When we discussed concussions in class today, we talked about how repeated concussions can lead to a neurodegenerative syndrome in which the brain shows changes similar to those in Alzheimer disease. Here’s a little more info on that syndrome, in case you’re interested.
So the official name of the disorder is chronic traumatic encephalopathy, or CTE, and it’s a progressive degenerative disease of the brain that occurs in people (often athletes) with a history of multiple traumatic brain injuries (usually concussions – but non-symptomatic subconcussive trauma contributes too). At this time, the only definitive way to make the diagnosis is to examine the postmortem brain (see below).
CTE has been diagnosed in professional athletes, but also in people who only played sports in high school/college, and in military veterans with a history of head trauma. Initially it was thought to be a disease that appeared later in life, but it has been diagnosed in patients as young as 17. The disease may appear within a few months after a traumatic event – but it may also begin years or even decades later.
Repetitive head trauma leads to degeneration of brain tissue and an accumulation of a protein called tau. This protein builds up in neurons and astrocytes in lesions called “tangles” (these look very similar to the neurofibrillary tangles we’ll talk about tomorrow in Alzheimer disease). Amyloid (another protein that is present in Alzheimer disease) is also present in many (but not all) cases. In early stages of CTE, the lesions are found in small foci in the frontal cortex. As the disease progresses, the lesions spread throughout all areas of the cortex, and eventually involve non-cortical structures like the amygdala, hippocampus, and brainstem.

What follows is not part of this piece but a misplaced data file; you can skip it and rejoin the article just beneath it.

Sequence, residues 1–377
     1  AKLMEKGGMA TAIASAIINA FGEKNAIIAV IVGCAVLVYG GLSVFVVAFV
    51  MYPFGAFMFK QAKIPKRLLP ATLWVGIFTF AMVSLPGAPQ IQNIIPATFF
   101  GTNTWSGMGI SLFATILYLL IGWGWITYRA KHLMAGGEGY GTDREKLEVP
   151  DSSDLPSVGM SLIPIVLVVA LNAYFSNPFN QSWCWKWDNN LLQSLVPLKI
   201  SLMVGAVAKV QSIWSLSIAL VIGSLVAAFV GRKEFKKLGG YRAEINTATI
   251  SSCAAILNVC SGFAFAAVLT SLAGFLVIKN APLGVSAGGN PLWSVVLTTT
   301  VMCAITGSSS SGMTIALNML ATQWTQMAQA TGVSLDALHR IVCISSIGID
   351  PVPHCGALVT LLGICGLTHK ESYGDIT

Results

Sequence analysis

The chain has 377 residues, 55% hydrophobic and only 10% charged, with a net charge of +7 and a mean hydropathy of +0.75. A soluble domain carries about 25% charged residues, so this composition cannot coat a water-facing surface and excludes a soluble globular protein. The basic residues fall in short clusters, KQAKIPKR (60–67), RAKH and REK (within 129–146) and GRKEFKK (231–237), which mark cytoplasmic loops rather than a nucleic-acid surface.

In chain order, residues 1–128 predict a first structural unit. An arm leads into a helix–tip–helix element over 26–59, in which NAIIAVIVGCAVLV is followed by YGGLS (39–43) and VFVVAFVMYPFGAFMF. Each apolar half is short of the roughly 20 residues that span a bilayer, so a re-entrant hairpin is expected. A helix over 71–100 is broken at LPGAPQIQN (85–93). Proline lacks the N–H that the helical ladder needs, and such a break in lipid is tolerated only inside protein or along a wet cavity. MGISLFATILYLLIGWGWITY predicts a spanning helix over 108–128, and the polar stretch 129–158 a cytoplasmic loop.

There are a LOT of symptoms that characterize CTE. Here’s a short list:
- impaired judgment
- problems with impulse control
- memory loss
- progressive dementia
A lot of these symptoms occur in Alzheimer disease too. However, Alzheimer disease typically presents later in life (e.g. around 60s-70s), and the most prominent initial symptom is memory loss. CTE typically presents at an earlier age (e.g., 40s or younger), and the initial symptoms typically include aggression as well as problems with judgment, reasoning, and impulse control.
There are tons of good resources for more reading – here are just a couple. For more info on disease features and diagnosis, check out the FAQ page of the CTE center at Boston University. For a personal account of how CTE affects the patient and family, check out this NYT article on Daniel Te’o-Nesheim, who died of CTE at the age of 30.